I'd had that national reputation discussion a few weeks back, in another living room back in Paris. "Fucking easy for you to say!" Ryan, my former college roommate and a U.S. military vet, was barking at my computer screen, where I had cued up a 1972 clip of Swedish Prime Minister Olof Palme condemning the Vietnam War. From the other side, Ryan was making Gunnar's point. Sweden was at the height of its international standing in the 1970s, when students from all over the world were shipped to the freshly remodeled Stockholm suburbs to witness our welfare utopia. My father's generation had the luxury of being engaged, but not involved in, the troubles of the outside world.

Palme (center) marching in 1968 against the Vietnam War alongside North Korean officials — Photo: Wikipedia

"In a way," Gunnar continued, "we became the world's conscience… a humanitarian superpower, if you will. But we never had to make the impossible decisions — Vietnam, 9/11 — of an actual superpower."

That was then. Now Sweden faces its own war, on home turf, and needless casualties are piling up. That a new emergency law went into effect Sunday, granting the government the power to impose coronavirus-related curbs for the very first time, only highlighted how wrong-headed the government's policy has been until now. Of course, the undoing of our folkhem (welfare state) and Sweden's global influence started long before our government decided to bet on herd immunity. But there's no denying that the glory days left a stubborn residue of what was a very healthy self-imagery. Bidding farewell to father and fatherland, I wonder where we'll be once COVID-19 is behind us: What will it mean to be a Swede? How will it feel to be The Swede?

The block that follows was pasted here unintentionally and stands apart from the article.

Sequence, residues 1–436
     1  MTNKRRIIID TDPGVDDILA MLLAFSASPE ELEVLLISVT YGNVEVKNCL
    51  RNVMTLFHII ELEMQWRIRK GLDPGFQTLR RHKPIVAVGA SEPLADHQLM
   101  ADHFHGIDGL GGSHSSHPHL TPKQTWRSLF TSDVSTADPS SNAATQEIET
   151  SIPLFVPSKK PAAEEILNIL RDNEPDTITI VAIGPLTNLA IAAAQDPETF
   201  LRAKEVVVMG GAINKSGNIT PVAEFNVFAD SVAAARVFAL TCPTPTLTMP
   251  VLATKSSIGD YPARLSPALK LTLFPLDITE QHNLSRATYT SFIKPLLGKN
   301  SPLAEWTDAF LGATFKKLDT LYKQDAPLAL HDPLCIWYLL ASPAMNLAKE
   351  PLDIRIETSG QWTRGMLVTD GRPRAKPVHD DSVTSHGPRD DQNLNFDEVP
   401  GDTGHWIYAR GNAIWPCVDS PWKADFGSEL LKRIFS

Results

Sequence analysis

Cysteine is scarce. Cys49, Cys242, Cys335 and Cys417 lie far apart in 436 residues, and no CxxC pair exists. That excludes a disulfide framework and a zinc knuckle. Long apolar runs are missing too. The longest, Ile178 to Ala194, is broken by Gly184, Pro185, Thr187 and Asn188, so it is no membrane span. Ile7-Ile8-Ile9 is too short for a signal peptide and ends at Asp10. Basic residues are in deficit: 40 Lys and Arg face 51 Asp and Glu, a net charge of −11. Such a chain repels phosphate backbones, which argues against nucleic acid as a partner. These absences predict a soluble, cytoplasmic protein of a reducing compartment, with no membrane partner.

Support Worldcrunch
We are grateful for reader support to continue our unique mission of delivering in English the best international journalism, regardless of language or geography. Click here to contribute whatever you can. Merci!

Over the past week thousands of migrants have arrived at the international bridge in Del Rio, Texas, on the border between Mexico and the United States. According to Del Rio's mayor, border patrol agents are struggling to process new arrivals, with about 4,000 migrants currently waiting.

Hannah Steinkopf-Frank, Bertrand Hauger and Anne-Sophie Goninet